Western Union Parent Files for Bankruptcy to Restructure Company
UPPER SADDLE RIVER, N.J. (AP) _ New Valley Corp., the parent company of Western Union, said Thursday it has agreed to file for bankruptcy after reaching an agreement with major creditors on debt-restructuring terms.
New Valley’s total liabilities are approximately $800 million, which includes unfunded liabilities from the company’s pension plan; public debt, such as debentures and notes; and various other liabilities, said spokesman Warren Bechtel.
The company had revenues of $449 million and a net loss of $19.9 million, or 43 cents a share, in 1992, compared with revenues of $426 million and a net loss of $32.1 million, or 46 cents a share, in 1991, Bechtel said.
″Some of the company’s debts go back quite a number of years,″ Bechtel said.
New Valley has been engrossed in an involuntary Chapter 11 proceeding in U.S. bankruptcy court in Newark since Nov. 15, 1991. That’s when three small holders of the company’s defaulted senior secured note filed a petition in bankruptcy court to force New Valley into Chapter 11.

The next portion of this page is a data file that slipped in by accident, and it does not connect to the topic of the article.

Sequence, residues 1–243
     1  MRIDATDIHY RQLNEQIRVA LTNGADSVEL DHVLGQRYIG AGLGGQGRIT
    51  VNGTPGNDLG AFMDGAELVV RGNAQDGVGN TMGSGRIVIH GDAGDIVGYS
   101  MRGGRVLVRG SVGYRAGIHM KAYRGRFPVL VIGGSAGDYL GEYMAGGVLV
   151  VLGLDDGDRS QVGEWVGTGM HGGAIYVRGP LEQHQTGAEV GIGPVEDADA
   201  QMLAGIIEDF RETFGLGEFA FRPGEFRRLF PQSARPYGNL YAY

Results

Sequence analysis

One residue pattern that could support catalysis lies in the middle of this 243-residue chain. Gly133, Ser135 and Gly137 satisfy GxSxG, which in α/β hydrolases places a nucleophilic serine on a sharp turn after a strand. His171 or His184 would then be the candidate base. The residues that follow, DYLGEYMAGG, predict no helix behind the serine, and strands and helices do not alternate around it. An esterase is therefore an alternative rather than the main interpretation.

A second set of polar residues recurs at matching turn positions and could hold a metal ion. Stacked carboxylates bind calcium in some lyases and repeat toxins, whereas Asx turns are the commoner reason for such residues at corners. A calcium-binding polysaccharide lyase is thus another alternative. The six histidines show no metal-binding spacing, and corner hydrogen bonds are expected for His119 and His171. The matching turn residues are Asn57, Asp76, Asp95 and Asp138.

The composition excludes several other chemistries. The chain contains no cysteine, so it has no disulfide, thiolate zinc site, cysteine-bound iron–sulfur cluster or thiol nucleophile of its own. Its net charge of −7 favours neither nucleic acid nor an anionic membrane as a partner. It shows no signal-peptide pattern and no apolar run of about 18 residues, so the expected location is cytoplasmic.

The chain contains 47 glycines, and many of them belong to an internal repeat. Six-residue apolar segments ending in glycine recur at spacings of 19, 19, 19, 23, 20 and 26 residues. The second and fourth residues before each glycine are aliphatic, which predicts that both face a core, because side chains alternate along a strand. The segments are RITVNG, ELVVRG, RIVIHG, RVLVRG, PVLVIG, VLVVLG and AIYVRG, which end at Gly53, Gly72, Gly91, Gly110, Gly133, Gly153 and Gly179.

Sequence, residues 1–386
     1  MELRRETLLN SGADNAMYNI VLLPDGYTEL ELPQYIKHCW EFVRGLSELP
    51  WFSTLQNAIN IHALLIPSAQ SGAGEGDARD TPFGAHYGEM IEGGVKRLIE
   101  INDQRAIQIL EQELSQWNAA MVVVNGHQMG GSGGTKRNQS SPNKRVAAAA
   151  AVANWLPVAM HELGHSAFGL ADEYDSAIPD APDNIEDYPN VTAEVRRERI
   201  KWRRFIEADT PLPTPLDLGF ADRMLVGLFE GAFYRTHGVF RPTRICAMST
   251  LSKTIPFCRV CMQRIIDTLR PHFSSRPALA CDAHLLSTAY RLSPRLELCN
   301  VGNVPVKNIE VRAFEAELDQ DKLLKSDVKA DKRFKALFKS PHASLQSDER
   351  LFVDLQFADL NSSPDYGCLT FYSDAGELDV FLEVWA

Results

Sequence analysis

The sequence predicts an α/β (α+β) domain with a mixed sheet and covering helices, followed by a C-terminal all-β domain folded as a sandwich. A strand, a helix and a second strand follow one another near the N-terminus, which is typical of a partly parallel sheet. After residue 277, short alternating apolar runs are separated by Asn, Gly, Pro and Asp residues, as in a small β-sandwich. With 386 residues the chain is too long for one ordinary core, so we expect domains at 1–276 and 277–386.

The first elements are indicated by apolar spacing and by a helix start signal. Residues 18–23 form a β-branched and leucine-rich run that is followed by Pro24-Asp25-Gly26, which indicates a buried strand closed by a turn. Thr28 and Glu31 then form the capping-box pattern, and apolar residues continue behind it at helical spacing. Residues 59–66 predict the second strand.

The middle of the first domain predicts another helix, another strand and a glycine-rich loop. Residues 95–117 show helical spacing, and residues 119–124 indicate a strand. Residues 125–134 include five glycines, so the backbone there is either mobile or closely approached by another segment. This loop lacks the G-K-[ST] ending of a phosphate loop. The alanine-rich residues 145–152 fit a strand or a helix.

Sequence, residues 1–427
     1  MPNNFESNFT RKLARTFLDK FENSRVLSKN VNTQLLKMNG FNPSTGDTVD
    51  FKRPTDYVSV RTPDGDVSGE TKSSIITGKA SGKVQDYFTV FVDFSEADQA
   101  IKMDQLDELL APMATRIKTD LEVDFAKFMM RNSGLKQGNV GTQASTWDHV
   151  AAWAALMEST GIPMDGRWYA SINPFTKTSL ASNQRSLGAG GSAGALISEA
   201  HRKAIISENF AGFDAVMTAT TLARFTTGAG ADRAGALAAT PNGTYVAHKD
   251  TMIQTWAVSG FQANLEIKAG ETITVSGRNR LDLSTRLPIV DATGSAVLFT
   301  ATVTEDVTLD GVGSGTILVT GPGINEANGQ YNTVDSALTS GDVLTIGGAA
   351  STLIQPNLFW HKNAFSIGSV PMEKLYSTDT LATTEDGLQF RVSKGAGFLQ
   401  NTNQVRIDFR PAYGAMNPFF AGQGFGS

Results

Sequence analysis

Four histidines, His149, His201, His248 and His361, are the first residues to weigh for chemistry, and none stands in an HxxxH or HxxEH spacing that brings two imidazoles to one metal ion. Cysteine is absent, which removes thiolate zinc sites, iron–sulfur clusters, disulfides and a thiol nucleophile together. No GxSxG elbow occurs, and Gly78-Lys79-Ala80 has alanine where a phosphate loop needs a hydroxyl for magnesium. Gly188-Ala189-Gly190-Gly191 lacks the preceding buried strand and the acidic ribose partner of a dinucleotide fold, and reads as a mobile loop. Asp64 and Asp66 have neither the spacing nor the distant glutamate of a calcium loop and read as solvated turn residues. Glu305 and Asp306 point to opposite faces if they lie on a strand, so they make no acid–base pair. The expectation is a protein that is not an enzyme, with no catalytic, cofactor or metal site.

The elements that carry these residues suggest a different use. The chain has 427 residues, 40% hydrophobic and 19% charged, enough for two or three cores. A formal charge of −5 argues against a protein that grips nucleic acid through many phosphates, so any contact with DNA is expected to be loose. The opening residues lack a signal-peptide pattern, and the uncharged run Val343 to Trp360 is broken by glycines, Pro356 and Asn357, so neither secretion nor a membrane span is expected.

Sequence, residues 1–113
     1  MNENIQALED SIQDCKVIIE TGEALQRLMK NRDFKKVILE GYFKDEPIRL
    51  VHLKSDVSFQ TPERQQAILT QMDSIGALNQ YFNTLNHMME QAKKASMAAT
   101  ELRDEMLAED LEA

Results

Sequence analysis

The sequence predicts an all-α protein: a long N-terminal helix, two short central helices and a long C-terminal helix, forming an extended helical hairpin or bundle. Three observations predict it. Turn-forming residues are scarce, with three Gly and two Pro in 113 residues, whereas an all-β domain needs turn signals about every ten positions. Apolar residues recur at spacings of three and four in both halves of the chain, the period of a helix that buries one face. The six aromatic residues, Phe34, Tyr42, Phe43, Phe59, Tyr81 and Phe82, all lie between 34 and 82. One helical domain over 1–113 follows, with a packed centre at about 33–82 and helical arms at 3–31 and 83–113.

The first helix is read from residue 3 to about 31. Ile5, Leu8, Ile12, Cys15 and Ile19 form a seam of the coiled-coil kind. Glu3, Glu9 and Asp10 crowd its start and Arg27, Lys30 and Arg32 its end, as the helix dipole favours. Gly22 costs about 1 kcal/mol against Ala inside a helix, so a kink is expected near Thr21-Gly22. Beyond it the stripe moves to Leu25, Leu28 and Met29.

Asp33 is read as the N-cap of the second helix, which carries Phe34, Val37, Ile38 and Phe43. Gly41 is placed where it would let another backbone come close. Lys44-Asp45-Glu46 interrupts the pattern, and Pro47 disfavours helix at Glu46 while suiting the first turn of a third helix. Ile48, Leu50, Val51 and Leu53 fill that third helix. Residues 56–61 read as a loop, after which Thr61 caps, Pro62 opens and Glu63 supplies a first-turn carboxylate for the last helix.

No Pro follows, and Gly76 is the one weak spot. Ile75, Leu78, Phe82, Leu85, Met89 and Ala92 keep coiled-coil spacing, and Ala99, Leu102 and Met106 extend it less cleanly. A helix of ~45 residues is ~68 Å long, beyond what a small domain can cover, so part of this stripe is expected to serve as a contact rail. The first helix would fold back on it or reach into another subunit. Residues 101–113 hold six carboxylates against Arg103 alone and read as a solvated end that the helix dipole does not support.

Bechtel said the Chapter 11 petition, filed Wednesday, would not affect New Valley’s 2,000 employees.
″We don’t expect any signs of disruption from this,″ he said.
Bechtel also said Western Union is not affected by the filing, adding that the business is profitable. He said the Chapter 11 affects only New Valley because the debt is all at ″the New Valley level.″
″Western Union generates a healthy operation and flows money up to the parent company but it’s not enough to service the debt,″ Bechtel said.
Robert J. Amman, vice chairman and chief executive officer of New Valley, said although the company is in Chapter 11, it intends to meet obligations to suppliers of goods and services.
Saddled with junk bond debt and left behind in the rush of technology, Western Union last reported a profit in 1982.
Shareholders approved the name change to New Valley Corp. in April 1991, partly to avoid sullying the Western Union name in bankruptcy court.